Randomized trials conducted in settings without food fortification suggest that supplementation with a multivitamin containing 0.8 mg (800 µg) of folic acid reduces the risk of neural tube defects. Observational studies done before the implementation of food fortification laws report a reduction in neural tube defects in women taking a supplement containing 0.4 mg (400 µg) of folic acid.4, 5
Draft: Other Considerations
Research Needs and Gaps
Study results on the effectiveness of folic acid supplementation in reducing neural tube defects among Hispanic women compared to white or black women are inconsistent. Future research should continue to evaluate differences in subpopulations.1
Burden of Disease
During early fetal development, a neural tube forms that later becomes the spinal cord, brain, and neighboring protective structures (e.g., spinal column), with complete closure by the fourth week of pregnancy. Incomplete neural tube closure results in defects such as anencephaly and spina bifida. These defects vary in level of disability and may lead to death. Neural tube defects are the second most common major congenital anomaly in the United States.1 Based on 2009–2011 data from the Centers for Disease Control and Prevention (CDC), the estimated average annual prevalence of anencephaly and spina bifida was 6.5 cases per 10.000 live births.1, 2 About 1,300 annual births that would have otherwise been affected by neural tube defects are prevented by folic acid supplementation, according to recent estimates.2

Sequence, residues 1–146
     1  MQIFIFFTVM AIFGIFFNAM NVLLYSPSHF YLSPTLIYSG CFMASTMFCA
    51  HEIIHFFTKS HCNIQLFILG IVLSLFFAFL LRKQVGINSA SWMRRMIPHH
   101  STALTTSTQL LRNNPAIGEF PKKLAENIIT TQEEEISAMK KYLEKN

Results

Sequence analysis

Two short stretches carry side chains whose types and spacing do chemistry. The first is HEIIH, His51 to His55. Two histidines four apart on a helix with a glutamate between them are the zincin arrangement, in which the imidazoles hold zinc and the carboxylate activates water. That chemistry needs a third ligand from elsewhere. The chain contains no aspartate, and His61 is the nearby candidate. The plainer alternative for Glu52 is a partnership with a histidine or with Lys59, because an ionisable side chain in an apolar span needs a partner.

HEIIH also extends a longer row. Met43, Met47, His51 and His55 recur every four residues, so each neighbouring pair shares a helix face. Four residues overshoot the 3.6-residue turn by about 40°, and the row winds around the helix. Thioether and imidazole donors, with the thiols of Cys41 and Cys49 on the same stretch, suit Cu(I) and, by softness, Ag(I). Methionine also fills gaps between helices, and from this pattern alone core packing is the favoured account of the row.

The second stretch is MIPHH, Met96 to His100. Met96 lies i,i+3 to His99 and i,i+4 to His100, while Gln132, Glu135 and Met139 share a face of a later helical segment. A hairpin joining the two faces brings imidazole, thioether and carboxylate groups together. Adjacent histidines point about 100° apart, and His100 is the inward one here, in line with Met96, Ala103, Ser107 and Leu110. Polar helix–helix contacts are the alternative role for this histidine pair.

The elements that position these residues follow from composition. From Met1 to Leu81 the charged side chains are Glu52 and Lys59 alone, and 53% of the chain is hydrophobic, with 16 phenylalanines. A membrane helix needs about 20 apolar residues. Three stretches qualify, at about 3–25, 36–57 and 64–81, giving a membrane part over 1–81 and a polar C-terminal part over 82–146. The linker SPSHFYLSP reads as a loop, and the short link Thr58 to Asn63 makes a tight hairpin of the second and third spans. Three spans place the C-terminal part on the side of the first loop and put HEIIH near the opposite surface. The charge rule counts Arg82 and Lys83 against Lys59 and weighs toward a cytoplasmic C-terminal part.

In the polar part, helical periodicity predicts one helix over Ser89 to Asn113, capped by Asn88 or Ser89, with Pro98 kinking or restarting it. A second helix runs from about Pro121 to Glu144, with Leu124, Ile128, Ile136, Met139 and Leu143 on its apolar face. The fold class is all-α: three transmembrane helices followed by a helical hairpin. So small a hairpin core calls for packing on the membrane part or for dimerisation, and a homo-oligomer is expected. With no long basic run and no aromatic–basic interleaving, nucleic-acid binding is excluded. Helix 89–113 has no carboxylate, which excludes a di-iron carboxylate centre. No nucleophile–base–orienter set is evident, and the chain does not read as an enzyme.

Since widespread recommendations on folic acid supplementation and the 1998 implementation of food fortification laws by the U.S. Food and Drug Administration, prevalence rates of infants born with neural tube defects have decreased.1, 2 The prevalence of neural tube defects declined from 10.7 cases per 10,000 live births before the implementation of food fortification (1995 to 1996) to 7.0 cases per 10,000 live births after fortification (1999 to 2011).2 Although supplementation recommendations and food fortification have reduced the prevalence of neural tube defects, it is still difficult for most women to consume the daily requirement of 0.4 mg of folic acid from food alone. 2007–2012 National Health and Nutrition Examination Survey data reported that 48% of respondents of childbearing age consumed folic acid from mandatorily fortified foods only, and that only 29% took a folic acid supplement (72% were not taking folic acid daily).6 Of those women who took a folic acid supplement, about one half (14.6% of all women) took supplements containing less than the daily recommended dose of 400 µg.1, 6